Breastfeeding and Food Allergies

Today I’d like to write a little bit about why you might want to breastfeed a baby with food allergies.  Now we all know that breastmilk gives your baby the best start in life and all that jazz, but that’s not what this post is about.  It’s about having a baby with food allergies and having to make the choice between breast and bottle.  Having been through that myself, I wanted other parents to know that breastfeeding a baby with food allergies is entirely possible and has a lot of benefits.

Power to the breastfeeding mamas of babies with allergies! You rock!

When not to breastfeed a baby with food allergies

First of all, if your baby has very severe reactions (i.e. requiring hospitalisation) then you might be advised to stop breastfeeding immediately.  This is because it can take weeks for food allergens to completely get out of your system and your breastmilk.  It might be possible to pump and dump your milk during this time if you are really determined (you would need to do it around the clock to maintain your milk supply).  You will need to seek doctor’s advice on this and lots of support.  Otherwise, read on…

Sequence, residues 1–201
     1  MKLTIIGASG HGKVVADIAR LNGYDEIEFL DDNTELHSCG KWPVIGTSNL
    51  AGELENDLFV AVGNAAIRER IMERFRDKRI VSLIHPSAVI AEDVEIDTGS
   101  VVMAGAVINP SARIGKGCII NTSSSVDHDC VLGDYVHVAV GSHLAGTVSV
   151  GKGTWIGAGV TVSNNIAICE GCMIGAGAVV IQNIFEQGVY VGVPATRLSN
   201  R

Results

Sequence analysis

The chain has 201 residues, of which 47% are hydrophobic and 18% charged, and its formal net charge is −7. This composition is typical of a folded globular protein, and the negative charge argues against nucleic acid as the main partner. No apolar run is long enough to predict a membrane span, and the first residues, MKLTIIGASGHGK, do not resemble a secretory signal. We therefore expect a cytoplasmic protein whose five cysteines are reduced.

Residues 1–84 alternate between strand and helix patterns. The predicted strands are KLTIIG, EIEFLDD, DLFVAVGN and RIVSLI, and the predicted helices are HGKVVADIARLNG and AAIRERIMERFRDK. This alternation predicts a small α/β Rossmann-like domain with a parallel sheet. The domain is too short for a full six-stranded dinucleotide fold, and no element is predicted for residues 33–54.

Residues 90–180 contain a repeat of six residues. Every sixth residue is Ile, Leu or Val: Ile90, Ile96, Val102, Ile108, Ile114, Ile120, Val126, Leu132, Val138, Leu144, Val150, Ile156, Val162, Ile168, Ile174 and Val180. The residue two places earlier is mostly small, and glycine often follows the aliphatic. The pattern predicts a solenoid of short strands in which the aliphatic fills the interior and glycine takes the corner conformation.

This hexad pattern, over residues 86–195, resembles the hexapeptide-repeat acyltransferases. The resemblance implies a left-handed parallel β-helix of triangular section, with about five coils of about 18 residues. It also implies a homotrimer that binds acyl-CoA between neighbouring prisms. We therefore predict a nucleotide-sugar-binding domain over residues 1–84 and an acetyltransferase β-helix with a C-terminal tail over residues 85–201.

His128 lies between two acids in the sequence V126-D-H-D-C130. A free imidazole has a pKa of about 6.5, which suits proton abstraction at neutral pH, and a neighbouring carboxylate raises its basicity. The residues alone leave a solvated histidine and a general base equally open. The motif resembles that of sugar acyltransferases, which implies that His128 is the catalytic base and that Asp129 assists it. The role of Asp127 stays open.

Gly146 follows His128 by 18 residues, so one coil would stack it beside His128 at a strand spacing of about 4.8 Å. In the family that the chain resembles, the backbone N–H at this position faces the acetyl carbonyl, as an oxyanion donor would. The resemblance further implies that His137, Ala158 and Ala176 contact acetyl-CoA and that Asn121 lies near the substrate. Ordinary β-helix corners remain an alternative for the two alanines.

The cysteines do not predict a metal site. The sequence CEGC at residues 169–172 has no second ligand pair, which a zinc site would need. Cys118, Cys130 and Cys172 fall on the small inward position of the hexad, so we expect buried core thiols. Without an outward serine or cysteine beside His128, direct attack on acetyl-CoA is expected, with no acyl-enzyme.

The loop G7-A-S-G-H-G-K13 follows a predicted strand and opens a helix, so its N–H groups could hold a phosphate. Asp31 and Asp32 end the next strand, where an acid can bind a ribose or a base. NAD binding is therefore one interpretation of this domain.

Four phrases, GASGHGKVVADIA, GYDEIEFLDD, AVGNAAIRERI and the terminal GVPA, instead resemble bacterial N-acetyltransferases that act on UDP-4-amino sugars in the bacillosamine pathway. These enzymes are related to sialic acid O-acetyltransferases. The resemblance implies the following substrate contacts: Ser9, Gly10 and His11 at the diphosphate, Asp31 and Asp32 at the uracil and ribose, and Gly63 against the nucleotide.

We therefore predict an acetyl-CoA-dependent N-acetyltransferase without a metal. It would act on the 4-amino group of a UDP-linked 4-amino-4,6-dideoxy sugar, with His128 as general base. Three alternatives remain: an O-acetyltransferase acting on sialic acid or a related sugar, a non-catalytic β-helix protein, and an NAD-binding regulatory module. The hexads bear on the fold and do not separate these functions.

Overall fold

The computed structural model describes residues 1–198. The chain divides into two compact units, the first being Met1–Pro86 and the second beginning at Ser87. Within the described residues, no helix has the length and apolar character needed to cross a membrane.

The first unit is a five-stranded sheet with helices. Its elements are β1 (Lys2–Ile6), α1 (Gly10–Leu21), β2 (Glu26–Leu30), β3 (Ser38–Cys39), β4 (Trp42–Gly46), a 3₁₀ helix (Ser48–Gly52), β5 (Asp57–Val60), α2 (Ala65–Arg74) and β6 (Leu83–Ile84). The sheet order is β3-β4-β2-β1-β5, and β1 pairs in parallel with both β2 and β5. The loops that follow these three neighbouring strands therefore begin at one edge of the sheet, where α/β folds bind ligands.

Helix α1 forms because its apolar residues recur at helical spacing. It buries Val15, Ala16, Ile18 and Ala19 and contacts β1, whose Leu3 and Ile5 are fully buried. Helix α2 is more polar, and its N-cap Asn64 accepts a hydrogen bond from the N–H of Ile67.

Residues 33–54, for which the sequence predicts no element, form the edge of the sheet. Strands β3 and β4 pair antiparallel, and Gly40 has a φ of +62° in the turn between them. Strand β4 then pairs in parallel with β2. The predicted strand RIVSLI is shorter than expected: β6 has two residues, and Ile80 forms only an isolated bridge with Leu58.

Build your knowledge of safe foods

The major problem with breastfeeding a baby with food allergies, is that you may need to cut all of the foods your baby is or could be allergic to out of your own diet.  If it’s a common food like dairy or wheat, I’ll be honest, it can be tough.  If your baby has multiple allergies, it’s downright miserable at times.  You will have to sit and watch people eat cake while you munch on raisins.  Eating out is a pain in the backside.  You can’t cheat *ever* as you know you will make your baby ill. You will have to read the ingredients on every single item of food you eat.  Visiting friends or family for dinner will require military style planning.